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This will prompt you to select a container you want to link your local directory with. Select the name of the react container you have just created.

Once you have linked up the directory, you can start syncing your local file system with the remote container via

porter sync --bi-dir
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This will start a bi-directional syncing process and download all the contents in the remote container into your local folder. Now, every change you make on your local directory will be instantly propagated into the remote container, and the container URL will hot-reload whenever there's a change.

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To see the logs from the create-react-app process running inside the container, run

porter logs
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3. Linking up MongoDB

Spinning up an entirely new MongoDB instance is arbitrary on Porter. If you want to start fresh, just make a new instance by clicking on the MongoDB template again. The connection string displayed on the container is available only to internal traffic - i.e. only the other containers that are within the same project can access this database. Copy this connection string by clicking on the icon boxed below.

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To connect to database, you need to first npm install mongodb --save in the react container. To install new modules in this container, you simply need to run

porter enter sh
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This will open up a shell inside the remote container, and you can run the commands you'd normally run on your local machine inside this remote shell, such as npm install. These kinds of commands might require more RAM and CPU than what is assigned to the container by default. You can allocate more resources from the "Resources" tab in container setting.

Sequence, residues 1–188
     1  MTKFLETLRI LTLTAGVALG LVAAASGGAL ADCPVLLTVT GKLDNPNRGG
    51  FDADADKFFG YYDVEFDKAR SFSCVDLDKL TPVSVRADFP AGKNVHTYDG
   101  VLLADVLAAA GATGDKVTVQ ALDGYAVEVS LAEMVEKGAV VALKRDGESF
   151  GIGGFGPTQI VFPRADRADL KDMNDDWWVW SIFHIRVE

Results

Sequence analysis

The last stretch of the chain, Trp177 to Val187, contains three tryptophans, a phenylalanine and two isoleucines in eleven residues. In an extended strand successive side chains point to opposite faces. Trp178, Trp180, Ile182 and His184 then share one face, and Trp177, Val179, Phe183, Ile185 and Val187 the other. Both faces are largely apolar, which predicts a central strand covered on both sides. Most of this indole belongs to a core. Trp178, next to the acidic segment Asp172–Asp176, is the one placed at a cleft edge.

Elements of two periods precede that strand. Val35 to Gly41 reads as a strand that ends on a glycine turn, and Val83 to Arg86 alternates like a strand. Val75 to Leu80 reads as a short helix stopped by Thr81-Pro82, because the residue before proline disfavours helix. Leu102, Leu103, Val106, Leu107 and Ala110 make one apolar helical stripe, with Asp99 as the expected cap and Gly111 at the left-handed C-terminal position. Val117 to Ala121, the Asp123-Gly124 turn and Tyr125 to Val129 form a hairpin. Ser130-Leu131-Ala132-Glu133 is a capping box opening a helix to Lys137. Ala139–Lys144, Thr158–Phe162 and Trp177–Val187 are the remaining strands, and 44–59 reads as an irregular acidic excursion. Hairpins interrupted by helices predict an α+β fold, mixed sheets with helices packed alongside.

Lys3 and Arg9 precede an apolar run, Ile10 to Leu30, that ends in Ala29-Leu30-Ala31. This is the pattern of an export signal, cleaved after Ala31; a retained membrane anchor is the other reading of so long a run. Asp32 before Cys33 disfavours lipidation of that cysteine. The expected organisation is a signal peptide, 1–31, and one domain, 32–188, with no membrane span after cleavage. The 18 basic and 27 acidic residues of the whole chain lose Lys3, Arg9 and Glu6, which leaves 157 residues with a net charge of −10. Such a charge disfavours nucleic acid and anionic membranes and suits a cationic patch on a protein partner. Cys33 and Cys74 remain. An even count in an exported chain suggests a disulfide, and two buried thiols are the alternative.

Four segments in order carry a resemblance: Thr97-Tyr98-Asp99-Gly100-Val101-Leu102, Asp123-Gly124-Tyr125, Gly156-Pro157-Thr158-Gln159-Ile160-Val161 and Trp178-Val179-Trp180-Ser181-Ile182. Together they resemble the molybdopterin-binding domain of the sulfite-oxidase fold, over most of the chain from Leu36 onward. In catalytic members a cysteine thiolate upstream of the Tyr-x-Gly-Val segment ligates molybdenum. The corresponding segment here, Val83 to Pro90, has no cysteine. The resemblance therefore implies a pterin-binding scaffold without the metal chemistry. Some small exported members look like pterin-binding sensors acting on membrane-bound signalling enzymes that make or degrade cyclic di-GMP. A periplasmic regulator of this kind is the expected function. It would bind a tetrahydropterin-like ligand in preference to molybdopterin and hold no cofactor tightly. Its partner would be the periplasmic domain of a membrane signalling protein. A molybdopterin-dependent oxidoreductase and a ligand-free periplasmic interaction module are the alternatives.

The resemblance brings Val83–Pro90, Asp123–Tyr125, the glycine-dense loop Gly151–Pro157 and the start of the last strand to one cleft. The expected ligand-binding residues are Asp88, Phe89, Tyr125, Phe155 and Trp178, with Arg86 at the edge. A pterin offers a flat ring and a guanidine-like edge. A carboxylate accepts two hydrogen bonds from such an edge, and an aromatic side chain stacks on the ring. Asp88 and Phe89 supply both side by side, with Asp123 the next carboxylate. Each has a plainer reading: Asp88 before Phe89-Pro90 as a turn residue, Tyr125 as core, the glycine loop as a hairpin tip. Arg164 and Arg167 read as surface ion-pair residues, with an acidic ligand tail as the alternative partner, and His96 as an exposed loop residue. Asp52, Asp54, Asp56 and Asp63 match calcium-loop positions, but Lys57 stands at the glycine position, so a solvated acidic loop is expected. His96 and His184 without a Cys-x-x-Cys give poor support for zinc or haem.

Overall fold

Now, you can use this connection string from the react container to connect to the database. To test the connection, let's go back to /index.js in the react container and add these lines of code.

var MongoClient = require('mongodb').MongoClient

// Connection URL you have copied
var url = 'mongodb://mongo-db-0.mongo-db.porter-dev-bwxork4w:27017/';

MongoClient.connect(url, function(err, db) {
  console.log("Connected successfully to mongodb");

  db.close();
});
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You'll see the log message that confirms that proper connection has been established between the react and mongodb containers.

4. Using environment variables on Porter

Instead of using .env files, you can directly inject in environment variables into the container via the Porter Dashboard. As an example, click on the react container and navigate to the "Environment" tab. Write in a new MONGO_URL variable with the URL that you have copied from the mongodb container. The container will restart, and when you swap out the connection string and console.log the connection string, you will see the URL in the logs as you'd expect.

var MongoClient = require('mongodb').MongoClient

MongoClient.connect(process.env.MONGO_URL, function(err, db) {
  console.log(process.env.MONGO_URL);
  console.log("Connected successfully to mongodb");

  db.close();
});
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In the logs, you will see that the connection has been established once again.

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Try it out!

You can try setting up a simple MERN stack on Porter for free here: https://dashboard.getporter.dev. Here are the docs for your reference.

We can't wait to see the projects you create on Porter!
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Discussion (2)

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savagepixie profile image
SavagePixie

Hey, that looks really cool! Thanks for sharing. What is included in the free deal?

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Trevor Shim Author

Hey! Everything is free except hosting with a custom domain - hosting/developing on our own domain (*.getporter.dev) is completely free. The free tier is also limited at 1GB RAM and 0.5 CPU, which might not be enough for some projects. But if you like Porter enough and want to use it daily, we can talk and I can give you more resources. We are prioritizing iterating and learning from usage rather than revenue, so we're just looking for a few power users who can help us build a better product.